Forget Baghdad: Jews and Arabs—the Iraqi Connection (2002), a film by the son of an Iraqi political exile living in Europe, was broadcast several times on prime-time television on the most popular Arab satellite television news channel, Al-Jazeera. As part of a budding new Arab cinema with an eye for accentuating a heterogeneous Arab identity, this émigré film was a turning point in its unequivocal focus on Jews as part of Arab national identity.

With the creation of the state of Israel, allusion to Jews as part of the Arab social mosaic increasingly became a taboo in Arab cinema. While various Arab films occasionally challenged this taboo, particularly over the past thirty years, Forget Baghdad essentially brought forward an original approximation of the topic. It inadvertently entwined Arab émigrés (both Jewish and Muslim) from different Arab diasporas, analogous geographic origins, and multiple displacement fluxes.

Through a collage of interviews, still photographs, old newspapers documents, and a rich array of archival film footage, Forget Baghdad interweaves a dialectic between three Arab diasporas. The first is that of four Arab Jews living with their families in Israel; the second is that of Ella Shohat, a film and cultural studies scholar of an Israeli Iraqi Arab origin who now lives in the United States; and the third is that of the filmmaker himself as the son of an Iraqi Arab Communist exiled in Europe.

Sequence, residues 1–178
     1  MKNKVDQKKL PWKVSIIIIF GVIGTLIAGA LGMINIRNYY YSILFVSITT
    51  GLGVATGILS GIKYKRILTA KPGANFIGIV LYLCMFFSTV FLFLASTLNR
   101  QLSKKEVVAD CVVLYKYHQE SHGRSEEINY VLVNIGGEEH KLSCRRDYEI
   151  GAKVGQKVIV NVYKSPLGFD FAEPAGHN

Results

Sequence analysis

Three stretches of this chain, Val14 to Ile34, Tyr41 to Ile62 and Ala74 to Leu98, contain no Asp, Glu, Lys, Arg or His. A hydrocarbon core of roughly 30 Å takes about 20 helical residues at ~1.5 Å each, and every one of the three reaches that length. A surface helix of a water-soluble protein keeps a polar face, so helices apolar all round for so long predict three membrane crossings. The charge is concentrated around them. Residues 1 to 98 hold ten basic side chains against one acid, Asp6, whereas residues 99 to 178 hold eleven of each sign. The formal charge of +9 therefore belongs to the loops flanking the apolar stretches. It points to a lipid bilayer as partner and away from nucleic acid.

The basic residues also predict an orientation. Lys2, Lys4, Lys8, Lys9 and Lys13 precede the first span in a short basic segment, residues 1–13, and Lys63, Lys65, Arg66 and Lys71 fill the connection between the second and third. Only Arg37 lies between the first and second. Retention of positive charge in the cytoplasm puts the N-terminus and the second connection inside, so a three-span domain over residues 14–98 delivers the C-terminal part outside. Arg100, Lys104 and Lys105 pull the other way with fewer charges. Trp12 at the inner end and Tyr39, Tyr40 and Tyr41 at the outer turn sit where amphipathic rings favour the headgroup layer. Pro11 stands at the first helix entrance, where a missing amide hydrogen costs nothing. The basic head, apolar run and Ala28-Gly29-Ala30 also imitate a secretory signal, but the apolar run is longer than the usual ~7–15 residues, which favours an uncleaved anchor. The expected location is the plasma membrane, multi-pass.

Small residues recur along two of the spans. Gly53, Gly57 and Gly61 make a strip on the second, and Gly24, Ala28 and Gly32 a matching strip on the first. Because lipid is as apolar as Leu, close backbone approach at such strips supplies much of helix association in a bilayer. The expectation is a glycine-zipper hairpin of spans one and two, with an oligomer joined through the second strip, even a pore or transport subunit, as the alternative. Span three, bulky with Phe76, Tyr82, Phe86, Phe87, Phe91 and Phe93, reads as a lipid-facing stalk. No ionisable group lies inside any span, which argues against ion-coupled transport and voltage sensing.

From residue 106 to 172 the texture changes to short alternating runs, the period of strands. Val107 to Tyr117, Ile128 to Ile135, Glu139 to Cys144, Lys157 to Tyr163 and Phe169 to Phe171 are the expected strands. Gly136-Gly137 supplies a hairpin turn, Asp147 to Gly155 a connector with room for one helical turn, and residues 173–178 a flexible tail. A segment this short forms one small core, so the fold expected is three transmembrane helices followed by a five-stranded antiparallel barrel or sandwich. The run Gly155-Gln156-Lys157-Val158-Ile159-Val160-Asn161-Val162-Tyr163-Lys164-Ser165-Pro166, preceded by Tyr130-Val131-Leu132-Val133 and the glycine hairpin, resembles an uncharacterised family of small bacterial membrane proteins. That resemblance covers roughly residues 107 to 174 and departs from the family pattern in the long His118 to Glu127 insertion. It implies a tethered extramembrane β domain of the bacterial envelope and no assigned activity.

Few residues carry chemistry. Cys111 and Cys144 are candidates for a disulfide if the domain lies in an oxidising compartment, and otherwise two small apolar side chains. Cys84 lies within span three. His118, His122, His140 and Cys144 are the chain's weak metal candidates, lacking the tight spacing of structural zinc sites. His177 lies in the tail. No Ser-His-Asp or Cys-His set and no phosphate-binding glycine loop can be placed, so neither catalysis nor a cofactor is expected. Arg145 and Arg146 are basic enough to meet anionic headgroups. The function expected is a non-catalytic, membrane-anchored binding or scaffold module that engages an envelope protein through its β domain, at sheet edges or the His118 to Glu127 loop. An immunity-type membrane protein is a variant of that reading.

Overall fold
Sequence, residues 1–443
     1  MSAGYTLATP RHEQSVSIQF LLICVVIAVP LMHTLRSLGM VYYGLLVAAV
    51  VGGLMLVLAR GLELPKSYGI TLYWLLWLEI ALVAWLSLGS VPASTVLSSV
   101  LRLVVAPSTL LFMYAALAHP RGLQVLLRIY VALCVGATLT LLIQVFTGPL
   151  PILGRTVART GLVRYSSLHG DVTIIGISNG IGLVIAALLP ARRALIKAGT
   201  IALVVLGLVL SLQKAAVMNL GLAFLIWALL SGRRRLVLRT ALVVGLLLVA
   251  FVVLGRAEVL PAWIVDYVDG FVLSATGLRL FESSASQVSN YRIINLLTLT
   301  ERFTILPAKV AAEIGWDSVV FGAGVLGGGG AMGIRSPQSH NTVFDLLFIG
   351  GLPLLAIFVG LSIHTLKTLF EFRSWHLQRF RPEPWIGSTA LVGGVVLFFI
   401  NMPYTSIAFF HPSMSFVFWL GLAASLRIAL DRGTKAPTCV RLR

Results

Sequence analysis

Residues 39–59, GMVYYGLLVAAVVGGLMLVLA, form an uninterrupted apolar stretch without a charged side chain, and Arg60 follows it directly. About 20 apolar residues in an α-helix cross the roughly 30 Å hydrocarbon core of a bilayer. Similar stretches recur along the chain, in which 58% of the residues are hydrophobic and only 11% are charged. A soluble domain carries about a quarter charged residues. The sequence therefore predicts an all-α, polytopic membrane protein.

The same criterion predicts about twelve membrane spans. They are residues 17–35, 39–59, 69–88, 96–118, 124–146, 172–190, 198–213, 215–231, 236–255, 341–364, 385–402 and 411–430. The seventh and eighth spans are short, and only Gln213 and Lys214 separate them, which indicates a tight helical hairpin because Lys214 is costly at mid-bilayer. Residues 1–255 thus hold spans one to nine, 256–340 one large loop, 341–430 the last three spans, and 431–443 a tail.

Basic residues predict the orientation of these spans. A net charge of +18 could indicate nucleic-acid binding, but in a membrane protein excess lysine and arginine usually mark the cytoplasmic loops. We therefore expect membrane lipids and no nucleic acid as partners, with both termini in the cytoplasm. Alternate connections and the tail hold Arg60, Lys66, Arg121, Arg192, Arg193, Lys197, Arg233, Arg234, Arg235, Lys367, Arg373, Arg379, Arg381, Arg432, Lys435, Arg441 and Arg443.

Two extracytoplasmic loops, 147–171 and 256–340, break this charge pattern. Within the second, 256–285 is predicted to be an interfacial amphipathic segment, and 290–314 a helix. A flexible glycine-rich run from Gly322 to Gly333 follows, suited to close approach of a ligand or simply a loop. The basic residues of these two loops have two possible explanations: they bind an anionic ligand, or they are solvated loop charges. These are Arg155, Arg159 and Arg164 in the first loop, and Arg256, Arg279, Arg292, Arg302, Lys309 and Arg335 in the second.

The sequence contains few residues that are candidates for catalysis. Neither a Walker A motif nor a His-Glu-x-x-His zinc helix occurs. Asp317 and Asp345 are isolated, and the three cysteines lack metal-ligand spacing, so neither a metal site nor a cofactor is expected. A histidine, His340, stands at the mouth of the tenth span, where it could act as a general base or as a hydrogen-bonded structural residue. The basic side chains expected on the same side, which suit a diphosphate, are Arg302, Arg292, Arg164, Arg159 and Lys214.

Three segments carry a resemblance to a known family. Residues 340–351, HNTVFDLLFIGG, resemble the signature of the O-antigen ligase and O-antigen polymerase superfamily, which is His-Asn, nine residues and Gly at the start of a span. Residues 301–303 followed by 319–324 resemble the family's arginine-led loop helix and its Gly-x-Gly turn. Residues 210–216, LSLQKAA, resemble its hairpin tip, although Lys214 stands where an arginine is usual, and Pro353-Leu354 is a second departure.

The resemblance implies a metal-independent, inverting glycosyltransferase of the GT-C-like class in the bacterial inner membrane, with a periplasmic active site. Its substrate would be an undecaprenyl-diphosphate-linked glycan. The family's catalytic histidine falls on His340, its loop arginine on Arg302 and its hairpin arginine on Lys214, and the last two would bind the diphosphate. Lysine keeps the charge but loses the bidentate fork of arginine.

This essay looks at how the film takes a cinematic journey through various diasporas through time; through memory; through the relationship of the past, the present, and the future; through continuity and rupture; and through the personal to the historical. The essay then surveys how the intricate structure of the film, the circularity of its form, and the boldness of its syntax result in creating a cinematic disquisition about a heterogeneous Arab national identity tested in the homeland by arbitrary postcolonial border, ethnic, racial, and religious divides and reconciled in exile by the reality of alienation and displacement.

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